Mitochondrial genes are altered in blood early in Alzheimer's disease
Neurobiology of Aging
2017 The Author(s). Published by Elsevier Inc. This is an open access article under the CC BY-NC-ND license (http://creativecommons.org/licenses/by-nc-nd/4.0/)
Although mitochondrial dysfunction is a consistent feature of Alzheimer's disease in the brain and blood, the molecular mechanisms behind these phenomena are unknown. Here we have replicated our previous findings demonstrating reduced expression of nuclear-encoded oxidative phosphorylation (OXPHOS) subunits and subunits required for the translation of mitochondrial-encoded OXPHOS genes in blood from people with Alzheimer's disease and mild cognitive impairment. Interestingly this was accompanied by increased expression of some mitochondrial-encoded OXPHOS genes, namely those residing closest to the transcription start site of the polycistronic heavy chain mitochondrial transcript (MT-ND1, MT-ND2, MT-ATP6, MT-CO1, MT-CO2, MT-C03) and MT-ND6 transcribed from the light chain. Further we show that mitochondrial DNA copy number was unchanged suggesting no change in steady-state numbers of mitochondria. We suggest that an imbalance in nuclear and mitochondrial genome-encoded OXPHOS transcripts may drive a negative feedback loop reducing mitochondrial translation and compromising OXPHOS efficiency, which is likely to generate damaging reactive oxygen species.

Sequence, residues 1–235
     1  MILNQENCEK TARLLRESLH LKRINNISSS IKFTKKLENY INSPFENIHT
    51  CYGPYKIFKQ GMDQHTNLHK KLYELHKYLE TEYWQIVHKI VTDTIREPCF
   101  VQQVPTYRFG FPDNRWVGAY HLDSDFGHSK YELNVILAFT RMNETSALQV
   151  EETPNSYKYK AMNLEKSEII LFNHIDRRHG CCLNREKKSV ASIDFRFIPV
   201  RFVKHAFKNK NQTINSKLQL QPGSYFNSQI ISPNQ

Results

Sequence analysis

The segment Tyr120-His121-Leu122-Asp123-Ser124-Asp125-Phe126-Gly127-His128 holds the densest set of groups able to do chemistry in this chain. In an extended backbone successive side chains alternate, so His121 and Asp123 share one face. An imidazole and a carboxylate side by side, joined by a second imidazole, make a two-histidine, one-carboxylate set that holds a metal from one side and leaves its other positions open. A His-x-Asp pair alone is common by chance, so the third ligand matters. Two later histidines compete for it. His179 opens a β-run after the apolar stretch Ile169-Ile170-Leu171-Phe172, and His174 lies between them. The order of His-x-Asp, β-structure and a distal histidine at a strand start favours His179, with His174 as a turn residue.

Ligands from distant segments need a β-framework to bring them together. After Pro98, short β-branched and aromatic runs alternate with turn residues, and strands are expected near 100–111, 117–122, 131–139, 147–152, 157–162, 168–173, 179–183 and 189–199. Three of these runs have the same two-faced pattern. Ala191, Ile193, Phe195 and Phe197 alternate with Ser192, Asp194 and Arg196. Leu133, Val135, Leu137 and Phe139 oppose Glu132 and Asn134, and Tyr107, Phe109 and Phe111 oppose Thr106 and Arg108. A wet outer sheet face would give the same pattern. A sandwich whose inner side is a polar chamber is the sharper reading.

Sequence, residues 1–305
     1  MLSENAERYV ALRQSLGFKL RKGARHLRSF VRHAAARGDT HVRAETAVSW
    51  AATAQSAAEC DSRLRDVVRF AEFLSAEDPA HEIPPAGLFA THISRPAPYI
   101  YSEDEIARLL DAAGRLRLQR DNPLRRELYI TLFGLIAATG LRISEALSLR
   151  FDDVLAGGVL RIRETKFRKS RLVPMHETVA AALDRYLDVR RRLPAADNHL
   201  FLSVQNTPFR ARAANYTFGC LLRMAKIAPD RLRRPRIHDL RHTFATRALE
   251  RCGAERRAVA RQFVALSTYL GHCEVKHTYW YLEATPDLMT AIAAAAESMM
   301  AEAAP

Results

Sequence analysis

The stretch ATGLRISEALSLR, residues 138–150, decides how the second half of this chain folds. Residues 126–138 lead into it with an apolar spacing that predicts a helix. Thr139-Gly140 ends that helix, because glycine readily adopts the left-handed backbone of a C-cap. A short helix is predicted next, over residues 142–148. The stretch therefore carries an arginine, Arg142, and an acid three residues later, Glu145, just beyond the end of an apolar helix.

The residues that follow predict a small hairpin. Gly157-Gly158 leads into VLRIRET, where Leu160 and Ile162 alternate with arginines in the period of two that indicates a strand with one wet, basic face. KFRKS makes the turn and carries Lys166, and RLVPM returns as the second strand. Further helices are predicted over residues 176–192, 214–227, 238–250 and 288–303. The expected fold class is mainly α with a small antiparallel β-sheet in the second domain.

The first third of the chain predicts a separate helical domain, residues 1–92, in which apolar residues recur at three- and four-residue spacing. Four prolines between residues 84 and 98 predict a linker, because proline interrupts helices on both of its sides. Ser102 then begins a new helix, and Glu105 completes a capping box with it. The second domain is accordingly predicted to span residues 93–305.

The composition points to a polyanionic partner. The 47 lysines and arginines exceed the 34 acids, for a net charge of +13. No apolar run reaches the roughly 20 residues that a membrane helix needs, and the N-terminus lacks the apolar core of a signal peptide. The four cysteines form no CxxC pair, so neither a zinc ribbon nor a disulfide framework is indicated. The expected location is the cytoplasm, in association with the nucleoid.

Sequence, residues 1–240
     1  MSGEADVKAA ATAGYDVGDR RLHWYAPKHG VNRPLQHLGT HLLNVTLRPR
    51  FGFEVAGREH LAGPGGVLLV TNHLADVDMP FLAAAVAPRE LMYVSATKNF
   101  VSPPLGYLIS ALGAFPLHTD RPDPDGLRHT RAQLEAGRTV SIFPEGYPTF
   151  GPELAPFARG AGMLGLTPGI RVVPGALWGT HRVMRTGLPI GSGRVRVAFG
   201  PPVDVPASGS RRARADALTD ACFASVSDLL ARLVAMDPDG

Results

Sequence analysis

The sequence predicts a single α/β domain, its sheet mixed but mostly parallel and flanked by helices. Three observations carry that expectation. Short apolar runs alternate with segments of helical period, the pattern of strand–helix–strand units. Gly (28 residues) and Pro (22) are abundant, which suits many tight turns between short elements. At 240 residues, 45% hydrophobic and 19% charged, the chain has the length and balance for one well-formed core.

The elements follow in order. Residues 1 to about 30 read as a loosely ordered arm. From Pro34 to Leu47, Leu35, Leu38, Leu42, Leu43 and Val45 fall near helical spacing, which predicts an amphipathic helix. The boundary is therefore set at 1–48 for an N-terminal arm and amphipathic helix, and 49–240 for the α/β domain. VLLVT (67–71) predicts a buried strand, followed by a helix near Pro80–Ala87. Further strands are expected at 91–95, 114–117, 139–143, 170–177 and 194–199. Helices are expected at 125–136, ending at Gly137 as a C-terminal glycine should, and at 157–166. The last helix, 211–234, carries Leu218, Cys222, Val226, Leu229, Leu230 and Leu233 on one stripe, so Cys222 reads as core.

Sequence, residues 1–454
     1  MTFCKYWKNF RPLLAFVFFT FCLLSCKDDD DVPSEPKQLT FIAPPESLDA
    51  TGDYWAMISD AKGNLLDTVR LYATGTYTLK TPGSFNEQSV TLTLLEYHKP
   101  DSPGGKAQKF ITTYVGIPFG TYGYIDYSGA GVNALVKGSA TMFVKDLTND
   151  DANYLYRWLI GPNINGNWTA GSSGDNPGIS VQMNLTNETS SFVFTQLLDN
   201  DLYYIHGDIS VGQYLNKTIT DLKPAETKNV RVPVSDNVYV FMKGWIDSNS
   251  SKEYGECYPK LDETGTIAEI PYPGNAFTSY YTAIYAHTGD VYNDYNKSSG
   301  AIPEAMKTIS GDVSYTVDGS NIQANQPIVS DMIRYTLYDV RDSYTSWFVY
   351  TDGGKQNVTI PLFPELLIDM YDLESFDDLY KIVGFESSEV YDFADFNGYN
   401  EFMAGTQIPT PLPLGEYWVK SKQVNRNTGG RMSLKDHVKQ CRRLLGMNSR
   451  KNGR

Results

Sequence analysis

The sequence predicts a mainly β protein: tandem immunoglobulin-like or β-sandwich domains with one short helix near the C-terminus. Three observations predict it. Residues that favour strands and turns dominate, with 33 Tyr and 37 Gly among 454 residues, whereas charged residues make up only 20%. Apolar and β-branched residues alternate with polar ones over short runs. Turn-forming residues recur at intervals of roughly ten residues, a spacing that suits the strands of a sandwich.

This work represents independent research part funded by the InnoMed (Innovative Medicines in Europe) an Integrated Project funded by the European Union of the Sixth Framework program priority FP6-2004-LIFESCIHEALTH-5, Alzheimer’s Research UK, The John and Lucille van Geest Foundation, the Rosetrees Trust, the National Institute for Health Research (NIHR) Biomedical Research Centre and Dementia Unit at South London and Maudsley NHS Foundation Trust and King’s College London and the National Institute for Health Research University College London Hospitals Biomedical Research Centre. The views expressed are those of the author(s) and not necessarily those of the NHS, the NIHR, or the Department of Health. A. H. receives support from the Innovative Medicines Initiative Joint Undertaking under EMIF grant agreement no115372, resources of which are composed of financial contribution from the European Union’s Seventh Framework Programme (FP7/2007e2013) and EFPIA companies in kind contribution. R. D. is supported by awards to establish the Farr Institute of Health Informatics Research at UCL Partners, from the Medical Research Council, Arthritis Research UK, British Heart Foundation, Cancer Research UK, Chief Scientist Office, Economic and Social Research Council, Engineering and Physical Sciences Research Council, National Institute for Health Research, National Institute for Social Care and Health Research, and Wellcome Trust (grant MR/K006584/1)
This is the final version of the article. Available from the publisher via the DOI in this record.
Vol. 53, pp. 36 - 47
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